Liverpool: A World City


Many of the settings in my novels are in Liverpool and Merseyside. Two books are always close to hand: The Buildings of Liverpool and Liverpool Conservation Areas, both produced by the Liverpool Heritage Bureau

In the sixties Ian Nairn said of Liverpool (see the Conservation page on this site):

‘…if Liverpool can get into top gear again there is no limit to the city’s potential. The scale and resilience of the buildings and people is amazing – it is a world city, far more so than London and Manchester. It doesn’t feel like anywhere else in Lancashire: comparisons always end up overseas – Dublin, or Boston, or Hamburg.’

I have lived in Liverpool for many years now and I can remember when it was a disaster zone – the Albert Dock was derelict and due for demolition and many of its Georgian terraces were boarded up. Whilst I would quibble with some of the development decisions made – the brutalist multi-storey car parks, for instance – I can only praise the regeneration of the city centre since that time. My favourites are:

Georgian streets: It is a well-known fact that Liverpool has more Georgian listed buildings than Bath. Of particular note are Rodney Street, the Canning Street area and Mount Pleasant (which includes Abercromby Square).

Central commercial area based on Castle street. Many fine Victorian and Edwardian commercial buildings. I love the recent work done to link this area with the Albert Dock. Of particular note is the high quality street furniture. Well, the Duke of Westminster has got plenty of dosh to spare…

Albert Dock World famous and rightly so. I remember when it was boarded up and due for demolition.

William Brown Street with its magnificent St George’s Hall, library & museum. The frontage to the main railway station opposite has been recently improved to great effect.

Liverpool has two cathedrals, as the folksong says. London football fans have amended the ditty to go: ‘In your Liverpool slum, in your Liverpool slum. You look in the dustbin for something to eat, If you find a dead rat then you think it’s a treat. In your Liverpool slum.’ Of course they are only jealous. The two are connected by Hope Street and their environs have been recently improved.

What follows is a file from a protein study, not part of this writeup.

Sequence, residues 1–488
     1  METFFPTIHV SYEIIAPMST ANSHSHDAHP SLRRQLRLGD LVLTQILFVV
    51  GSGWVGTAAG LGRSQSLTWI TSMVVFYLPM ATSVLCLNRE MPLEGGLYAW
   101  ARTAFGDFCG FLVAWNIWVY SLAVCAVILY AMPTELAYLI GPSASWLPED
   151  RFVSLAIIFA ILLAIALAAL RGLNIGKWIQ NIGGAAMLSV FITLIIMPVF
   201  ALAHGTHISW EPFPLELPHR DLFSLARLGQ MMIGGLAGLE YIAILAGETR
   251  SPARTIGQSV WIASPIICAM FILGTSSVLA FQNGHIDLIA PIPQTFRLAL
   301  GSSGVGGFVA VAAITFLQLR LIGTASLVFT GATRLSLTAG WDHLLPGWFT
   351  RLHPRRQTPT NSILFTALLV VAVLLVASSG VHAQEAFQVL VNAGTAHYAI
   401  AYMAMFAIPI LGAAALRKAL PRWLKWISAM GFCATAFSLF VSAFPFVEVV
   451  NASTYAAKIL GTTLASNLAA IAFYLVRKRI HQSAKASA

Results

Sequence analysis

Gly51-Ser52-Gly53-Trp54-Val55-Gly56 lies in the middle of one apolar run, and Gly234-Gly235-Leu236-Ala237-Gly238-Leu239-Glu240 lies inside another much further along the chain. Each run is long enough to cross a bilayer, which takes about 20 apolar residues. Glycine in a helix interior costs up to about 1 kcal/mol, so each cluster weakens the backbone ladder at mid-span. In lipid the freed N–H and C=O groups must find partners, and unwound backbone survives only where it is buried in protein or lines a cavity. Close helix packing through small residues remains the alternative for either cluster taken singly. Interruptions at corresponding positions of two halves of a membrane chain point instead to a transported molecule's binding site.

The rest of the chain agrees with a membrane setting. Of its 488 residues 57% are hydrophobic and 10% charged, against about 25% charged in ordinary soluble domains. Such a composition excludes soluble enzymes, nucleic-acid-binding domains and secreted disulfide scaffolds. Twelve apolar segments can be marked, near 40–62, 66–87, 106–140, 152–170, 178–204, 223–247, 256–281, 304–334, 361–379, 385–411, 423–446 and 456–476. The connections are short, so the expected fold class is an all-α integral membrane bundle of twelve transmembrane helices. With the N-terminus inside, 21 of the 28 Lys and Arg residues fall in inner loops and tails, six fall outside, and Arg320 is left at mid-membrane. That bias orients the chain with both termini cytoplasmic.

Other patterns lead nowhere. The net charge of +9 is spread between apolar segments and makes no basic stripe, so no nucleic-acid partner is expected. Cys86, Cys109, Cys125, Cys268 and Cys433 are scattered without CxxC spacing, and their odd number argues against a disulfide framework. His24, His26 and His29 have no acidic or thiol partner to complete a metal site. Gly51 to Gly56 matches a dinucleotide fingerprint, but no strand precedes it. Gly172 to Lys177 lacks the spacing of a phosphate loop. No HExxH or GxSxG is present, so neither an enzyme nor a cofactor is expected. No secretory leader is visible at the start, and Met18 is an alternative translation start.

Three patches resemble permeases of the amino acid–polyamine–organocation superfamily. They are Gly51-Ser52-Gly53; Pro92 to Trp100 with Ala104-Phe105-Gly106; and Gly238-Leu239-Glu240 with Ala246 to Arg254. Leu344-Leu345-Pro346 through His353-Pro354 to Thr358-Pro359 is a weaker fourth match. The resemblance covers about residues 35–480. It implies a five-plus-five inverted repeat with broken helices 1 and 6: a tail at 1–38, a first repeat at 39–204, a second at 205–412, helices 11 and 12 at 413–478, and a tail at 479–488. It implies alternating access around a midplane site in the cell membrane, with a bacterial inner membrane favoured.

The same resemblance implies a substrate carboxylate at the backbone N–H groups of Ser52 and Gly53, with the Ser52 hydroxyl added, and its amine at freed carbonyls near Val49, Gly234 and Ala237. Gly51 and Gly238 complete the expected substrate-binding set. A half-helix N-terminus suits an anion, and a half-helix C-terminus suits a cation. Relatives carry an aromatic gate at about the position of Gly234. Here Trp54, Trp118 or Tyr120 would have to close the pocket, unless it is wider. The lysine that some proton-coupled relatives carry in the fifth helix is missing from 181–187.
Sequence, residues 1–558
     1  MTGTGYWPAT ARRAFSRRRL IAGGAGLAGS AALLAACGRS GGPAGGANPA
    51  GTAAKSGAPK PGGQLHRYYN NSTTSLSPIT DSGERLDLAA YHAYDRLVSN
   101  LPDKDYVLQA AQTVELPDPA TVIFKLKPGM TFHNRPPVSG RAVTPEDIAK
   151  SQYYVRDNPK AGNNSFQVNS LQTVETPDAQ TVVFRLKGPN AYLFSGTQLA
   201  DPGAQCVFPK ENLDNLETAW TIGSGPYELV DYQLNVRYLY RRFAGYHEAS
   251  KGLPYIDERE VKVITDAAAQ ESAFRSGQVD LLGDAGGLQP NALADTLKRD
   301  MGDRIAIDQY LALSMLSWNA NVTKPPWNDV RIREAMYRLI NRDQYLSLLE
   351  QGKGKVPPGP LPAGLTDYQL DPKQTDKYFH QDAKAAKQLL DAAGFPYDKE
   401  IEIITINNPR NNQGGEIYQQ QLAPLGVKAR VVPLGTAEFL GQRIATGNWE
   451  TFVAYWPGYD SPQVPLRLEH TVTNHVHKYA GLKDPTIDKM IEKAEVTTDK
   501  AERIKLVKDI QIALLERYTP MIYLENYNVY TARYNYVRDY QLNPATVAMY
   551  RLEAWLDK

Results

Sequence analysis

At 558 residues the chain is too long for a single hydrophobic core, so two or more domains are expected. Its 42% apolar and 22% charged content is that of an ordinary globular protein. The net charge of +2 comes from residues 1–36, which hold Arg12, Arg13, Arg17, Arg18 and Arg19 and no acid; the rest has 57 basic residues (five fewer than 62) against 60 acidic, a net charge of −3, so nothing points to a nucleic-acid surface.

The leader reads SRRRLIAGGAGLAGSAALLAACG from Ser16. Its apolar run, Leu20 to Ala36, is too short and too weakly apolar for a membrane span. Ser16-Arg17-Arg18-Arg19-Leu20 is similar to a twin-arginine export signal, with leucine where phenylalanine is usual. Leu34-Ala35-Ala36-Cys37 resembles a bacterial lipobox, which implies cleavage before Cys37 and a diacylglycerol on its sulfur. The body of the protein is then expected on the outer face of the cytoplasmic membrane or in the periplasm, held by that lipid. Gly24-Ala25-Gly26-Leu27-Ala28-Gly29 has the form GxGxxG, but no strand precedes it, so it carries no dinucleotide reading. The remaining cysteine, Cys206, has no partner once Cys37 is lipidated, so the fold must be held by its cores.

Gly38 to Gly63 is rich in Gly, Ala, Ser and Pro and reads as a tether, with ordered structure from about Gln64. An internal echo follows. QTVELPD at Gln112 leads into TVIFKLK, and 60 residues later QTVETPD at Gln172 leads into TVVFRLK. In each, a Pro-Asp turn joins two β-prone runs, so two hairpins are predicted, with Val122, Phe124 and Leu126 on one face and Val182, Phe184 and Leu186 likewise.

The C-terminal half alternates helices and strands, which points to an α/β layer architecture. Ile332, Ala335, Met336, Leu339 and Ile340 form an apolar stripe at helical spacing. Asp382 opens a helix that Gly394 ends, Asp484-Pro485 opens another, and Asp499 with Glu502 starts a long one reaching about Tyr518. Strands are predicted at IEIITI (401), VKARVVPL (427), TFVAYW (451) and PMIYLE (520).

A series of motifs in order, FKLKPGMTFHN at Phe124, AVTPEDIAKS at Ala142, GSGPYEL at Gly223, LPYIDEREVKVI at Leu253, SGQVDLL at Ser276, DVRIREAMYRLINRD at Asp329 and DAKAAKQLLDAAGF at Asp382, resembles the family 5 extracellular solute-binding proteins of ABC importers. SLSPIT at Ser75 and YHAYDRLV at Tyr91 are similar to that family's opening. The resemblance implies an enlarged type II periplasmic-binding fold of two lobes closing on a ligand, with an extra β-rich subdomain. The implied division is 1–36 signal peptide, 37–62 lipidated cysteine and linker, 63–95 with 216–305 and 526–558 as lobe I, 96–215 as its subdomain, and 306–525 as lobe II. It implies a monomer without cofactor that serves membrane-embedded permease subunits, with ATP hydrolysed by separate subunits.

Liverpool Parks Liverpool has some truly magnificent parks, including Sefton Park, Princes Park, Newsham Park, Allerton & Calderstones Parks, Woolton Woods/ Camp Hill (the latter have superb views over the Mersey). You can link the parks in south Liverpool for a gentle ramble or a bracing run – as some of my characters do.

Liverpool villages Many villages have been swallowed up by the growing city but retain their quaint character. Woolton, Gateacre, Childwall Abbey, St Michaels, Wavertree, West Derby, Edge Hill, Walton. Lark Lane wasn’t a village but it feels like one. I live close to Woolton village. A lovely illustrated book by Tony Moscardini Woolton & Gateacre Architecture and Heritage details the history & architecture of the village and its environs and is worth seeking out. In Martin Edwards’ crime thrillers set in Liverpool, Woolton is where Premier League footballers and aspirational villains seek to live, though I think he means the top of the hill not lower down where I am.

Prescot is a historic market town close to Liverpool, now in the Knowsley district. I worked on its regeneration in the eighties – read how we did it on the Articles page on this site.

Victorian Villa Estates Built for rich merchants in Liverpool’s glory days. Large and set in extensive grounds. Often Italianate in design. Examples include Grassendale & Cressington Parks (one of my characters lives there), Fulwood Park, Mossley Hill, Grove Park.

Garden Suburbs Town & Country Planning first started off as a response to the ravages of the industrial revolution in association with social reformers who furthered the development of low density housing projects where people could live in peaceful, pleasant and healthy surroundings. Wavertree Garden Suburb was developed by a co-operative in the early 1900s and influenced the Council and its Director of Housing, Sir Lancelot Keay to develop a number of garden estates across the city in the thirties. Unfortunately right-to buy has resulted in the destruction of much of the character of these estates via out of character ’improvements’.

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